/ By communityteam@solarwinds.com / 0 Comments

Our Cloud Bill Is WHAT?! – Battle of the Clouds Series

Submitted for your approval; a story of cloud horrors.

One of performance issues impacting production.

Where monthly cloud billing began spiraling out of control.

 

The following story is true. The names have been changed to protect the innocent.

 

During my consulting career, I’ve encountered companies at many different stages of their cloud journey. What was particularly fun about walking into this shop is they were already about 75% up into public cloud. The remaining 25% was working towards being migrated off their aging hardware. They seemed to be ahead of the game, so why were my services needed?

 

Let’s set up some info about the company, which I’ll call “ABC Co.” ABC Co. provides medical staff and medical management to many hospitals and clinics, with approximately 1,000 employees and contractors spread across many states. Being in both medical staffing and recordkeeping, ABC Co. was subject to many compliance regulations such as HIPAA, PCI, etc. Their on-premises data center was on older hardware nearing end of life, and given the size of their IT staff, they decided to move out of the data center business.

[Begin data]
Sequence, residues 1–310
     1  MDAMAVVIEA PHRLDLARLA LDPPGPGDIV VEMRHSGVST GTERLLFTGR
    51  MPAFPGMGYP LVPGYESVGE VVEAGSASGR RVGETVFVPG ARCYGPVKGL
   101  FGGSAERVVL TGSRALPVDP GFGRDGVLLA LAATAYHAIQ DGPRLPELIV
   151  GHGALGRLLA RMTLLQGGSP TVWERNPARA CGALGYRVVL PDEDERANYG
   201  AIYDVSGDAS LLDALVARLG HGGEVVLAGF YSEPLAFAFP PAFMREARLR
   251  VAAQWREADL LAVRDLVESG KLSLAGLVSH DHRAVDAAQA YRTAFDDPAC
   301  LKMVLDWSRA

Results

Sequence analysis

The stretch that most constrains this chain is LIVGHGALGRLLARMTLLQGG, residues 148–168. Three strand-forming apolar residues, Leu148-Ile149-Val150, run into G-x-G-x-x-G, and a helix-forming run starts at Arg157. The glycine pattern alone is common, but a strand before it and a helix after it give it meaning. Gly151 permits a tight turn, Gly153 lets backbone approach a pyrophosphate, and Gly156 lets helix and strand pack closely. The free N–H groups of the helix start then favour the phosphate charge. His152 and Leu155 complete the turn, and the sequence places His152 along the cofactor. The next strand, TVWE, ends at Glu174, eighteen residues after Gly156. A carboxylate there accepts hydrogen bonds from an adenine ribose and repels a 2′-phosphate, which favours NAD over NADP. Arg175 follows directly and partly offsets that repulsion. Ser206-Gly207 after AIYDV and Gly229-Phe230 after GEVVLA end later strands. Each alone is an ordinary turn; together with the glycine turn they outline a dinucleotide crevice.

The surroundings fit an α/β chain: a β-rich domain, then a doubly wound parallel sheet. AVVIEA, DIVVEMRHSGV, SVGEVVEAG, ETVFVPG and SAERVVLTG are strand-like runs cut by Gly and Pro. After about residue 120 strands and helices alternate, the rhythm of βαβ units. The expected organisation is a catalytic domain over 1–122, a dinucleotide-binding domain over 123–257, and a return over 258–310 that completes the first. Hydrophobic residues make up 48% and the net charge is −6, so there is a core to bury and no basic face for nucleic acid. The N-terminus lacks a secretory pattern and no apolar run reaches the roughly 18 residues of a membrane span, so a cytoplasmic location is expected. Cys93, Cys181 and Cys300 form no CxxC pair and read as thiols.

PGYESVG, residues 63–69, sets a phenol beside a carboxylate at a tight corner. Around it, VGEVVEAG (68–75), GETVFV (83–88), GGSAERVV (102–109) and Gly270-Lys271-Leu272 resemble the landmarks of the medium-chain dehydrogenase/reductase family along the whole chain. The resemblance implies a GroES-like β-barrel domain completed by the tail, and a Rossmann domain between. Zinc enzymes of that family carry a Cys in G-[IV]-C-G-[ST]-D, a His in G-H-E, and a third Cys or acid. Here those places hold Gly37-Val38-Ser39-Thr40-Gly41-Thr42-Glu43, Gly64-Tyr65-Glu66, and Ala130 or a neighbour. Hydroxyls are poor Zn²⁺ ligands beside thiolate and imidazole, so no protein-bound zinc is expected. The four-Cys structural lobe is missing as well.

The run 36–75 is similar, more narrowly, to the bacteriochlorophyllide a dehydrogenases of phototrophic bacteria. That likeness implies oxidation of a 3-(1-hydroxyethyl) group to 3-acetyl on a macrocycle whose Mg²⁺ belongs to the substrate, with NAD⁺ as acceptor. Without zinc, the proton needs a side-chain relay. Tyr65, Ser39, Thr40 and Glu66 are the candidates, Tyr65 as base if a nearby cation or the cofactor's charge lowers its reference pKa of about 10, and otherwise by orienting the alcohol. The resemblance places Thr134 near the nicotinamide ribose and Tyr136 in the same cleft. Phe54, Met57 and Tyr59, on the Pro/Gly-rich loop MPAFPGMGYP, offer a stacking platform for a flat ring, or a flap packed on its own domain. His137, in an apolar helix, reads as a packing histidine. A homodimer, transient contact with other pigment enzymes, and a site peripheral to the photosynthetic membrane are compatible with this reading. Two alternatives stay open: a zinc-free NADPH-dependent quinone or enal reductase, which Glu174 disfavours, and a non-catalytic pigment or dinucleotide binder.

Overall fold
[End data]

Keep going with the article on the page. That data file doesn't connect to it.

The data center architect at ABC Co. did his homework. He spent many hours learning about public cloud, crunching numbers, and comparing virtual machine configurations to cloud-based compute sizing. Additionally, due to compliance requirements, ABC Co. needed to use dedicated hosts in the public cloud. After factoring in all the sizing, storage capacity, and necessary networking, the architect arrived at an expected monthly spend number: $50,000. He took this number to the board of directors with a migration plan and outlined the benefits of going to the cloud versus refreshing their current physical infrastructure. The board was convinced and gave the green light to move into the public cloud.